Tag Archives: Antoni Gaudi

Subterranean Barcelona – The World’s Most Extensive Underground Roman Ruins

By Richard Varr

Roman ruins under Placa del Rei. Photo by Richard Varr

Roman ruins under Plaça del Rei. Photo by Richard Varr

I walk on raised platforms above the subterranean ruins – crumbling walls, sections of chipped stone columns and carefully-laid mosaic floors amidst rugged walkways and alleys.  Historically speaking, however, the ancient stone chambers, streets and squares within Barcelona’s Musea d’História de la Ciutat (City History Museum) are often described as the most extensive and comprehensive underground Roman ruins in the world.

Gaudí’s masterpiece, Casa Milà. Photo by Richard Varr

Gaudí’s masterpiece, Casa Milà. Photo by Richard Varr

In the city best known for the genius of Antoni Gaudí’s Modernisme architectural style – undulating walls, colorful chimneys and eye-catching building facades designed with nature’s image in mind – it’s often easy to overlook the City History Museum’s fascinating glimpse of Barcelona’s past in what was once the old Roman city known as Barcino.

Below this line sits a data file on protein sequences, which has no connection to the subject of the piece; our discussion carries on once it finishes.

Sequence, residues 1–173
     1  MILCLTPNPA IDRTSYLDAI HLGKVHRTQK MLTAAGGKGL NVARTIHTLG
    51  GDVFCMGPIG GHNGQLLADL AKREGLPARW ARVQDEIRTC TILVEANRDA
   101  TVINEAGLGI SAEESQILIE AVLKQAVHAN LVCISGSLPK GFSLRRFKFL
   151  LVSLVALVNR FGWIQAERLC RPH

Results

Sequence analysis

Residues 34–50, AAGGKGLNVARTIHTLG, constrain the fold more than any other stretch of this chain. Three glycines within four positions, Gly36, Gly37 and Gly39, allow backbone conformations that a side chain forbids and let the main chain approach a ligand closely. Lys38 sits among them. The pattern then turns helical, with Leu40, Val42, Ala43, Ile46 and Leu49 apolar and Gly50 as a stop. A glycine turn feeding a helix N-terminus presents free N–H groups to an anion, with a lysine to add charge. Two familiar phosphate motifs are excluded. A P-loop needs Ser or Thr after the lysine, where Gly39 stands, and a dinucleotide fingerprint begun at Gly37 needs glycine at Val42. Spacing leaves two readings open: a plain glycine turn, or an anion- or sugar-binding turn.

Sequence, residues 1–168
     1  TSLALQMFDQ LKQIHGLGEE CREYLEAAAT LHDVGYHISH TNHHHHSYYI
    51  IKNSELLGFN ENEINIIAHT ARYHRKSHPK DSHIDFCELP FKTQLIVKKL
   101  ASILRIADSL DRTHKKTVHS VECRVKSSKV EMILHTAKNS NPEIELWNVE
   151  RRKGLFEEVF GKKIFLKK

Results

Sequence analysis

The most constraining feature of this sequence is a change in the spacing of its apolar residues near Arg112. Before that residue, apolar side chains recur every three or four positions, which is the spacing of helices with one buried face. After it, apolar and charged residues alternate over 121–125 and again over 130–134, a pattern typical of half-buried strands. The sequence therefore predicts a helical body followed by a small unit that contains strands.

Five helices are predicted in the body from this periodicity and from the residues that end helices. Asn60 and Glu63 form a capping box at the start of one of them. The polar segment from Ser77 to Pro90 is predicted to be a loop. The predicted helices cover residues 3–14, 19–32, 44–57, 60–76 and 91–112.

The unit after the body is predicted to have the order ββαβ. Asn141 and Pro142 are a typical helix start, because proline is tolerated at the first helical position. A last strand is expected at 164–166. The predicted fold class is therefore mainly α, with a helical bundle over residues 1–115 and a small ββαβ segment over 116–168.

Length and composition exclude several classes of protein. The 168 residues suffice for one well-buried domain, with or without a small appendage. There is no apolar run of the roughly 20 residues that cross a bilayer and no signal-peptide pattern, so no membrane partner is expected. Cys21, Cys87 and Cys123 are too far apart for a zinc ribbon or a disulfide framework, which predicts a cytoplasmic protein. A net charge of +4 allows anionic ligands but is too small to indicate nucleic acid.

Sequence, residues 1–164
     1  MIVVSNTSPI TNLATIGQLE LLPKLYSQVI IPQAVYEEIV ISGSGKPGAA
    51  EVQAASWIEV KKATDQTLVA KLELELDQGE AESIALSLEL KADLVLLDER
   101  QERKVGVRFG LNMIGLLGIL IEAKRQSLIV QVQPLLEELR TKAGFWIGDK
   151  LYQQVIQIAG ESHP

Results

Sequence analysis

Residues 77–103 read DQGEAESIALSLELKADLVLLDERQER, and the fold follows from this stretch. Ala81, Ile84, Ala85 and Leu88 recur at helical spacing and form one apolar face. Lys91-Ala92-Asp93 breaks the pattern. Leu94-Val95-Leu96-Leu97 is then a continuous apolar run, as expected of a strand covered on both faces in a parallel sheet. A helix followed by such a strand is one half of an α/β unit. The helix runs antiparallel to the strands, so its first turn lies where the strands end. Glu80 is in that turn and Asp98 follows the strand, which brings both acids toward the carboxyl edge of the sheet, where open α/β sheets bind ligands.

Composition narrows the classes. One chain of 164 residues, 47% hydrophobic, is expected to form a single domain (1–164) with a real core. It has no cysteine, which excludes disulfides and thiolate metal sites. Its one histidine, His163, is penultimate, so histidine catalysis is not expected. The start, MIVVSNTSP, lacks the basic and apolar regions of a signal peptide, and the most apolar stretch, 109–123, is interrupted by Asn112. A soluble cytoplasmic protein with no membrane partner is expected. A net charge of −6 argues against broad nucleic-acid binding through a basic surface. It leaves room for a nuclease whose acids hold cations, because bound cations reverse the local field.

where it is believed Columbus was received by royalty upon returning from the New World. Photo by Richard Varr

Plaça del Rei, where it is believed Columbus was received by royalty upon returning from the New World. Photo by Richard Varr

Located in the central Barri Gòtic or Gothic Quarter, the museum sits adjacent to the 13th and 14th century Royal Palace where, in its medieval courtyard known as the Plaça del Rei, it is believed King Fernando II and Queen Isabel welcomed Christopher Columbus upon his return from the New World.  And it’s under this courtyard where the museum’s vast underground ruins lie.

Giant urns used for salting fish. Photo by Richard Varr

Giant urns used for salting fish. Photo by Richard Varr

Dating back to between the 1st and 6th centuries AD, the ruins were once buildings housing aspects of the Romans’ everyday life.   They include a factory where fish was chopped and salted, and a wine-making facility where grapes were pressed and wine fermented in open vats.  Hot and cold baths refreshed Roman citizens.  Well-defined pits once served as dyeing and laundering centers.

Overlooking the ruins. Photo by Richard Varr

Overlooking the ruins. Photo by Richard Varr

Another important Roman site not particularly obvious to those strolling through the old town are four grand columns that were once part of the landmark Barcino Temple, the dominant structure in the Roman forum, the lively public city square.  “This is the most ancient part of Barcelona – the very origin of the city or Barcino,” says tour guide Artur Costa.   “The temple was constructed over a hill and was in the center of the forum.”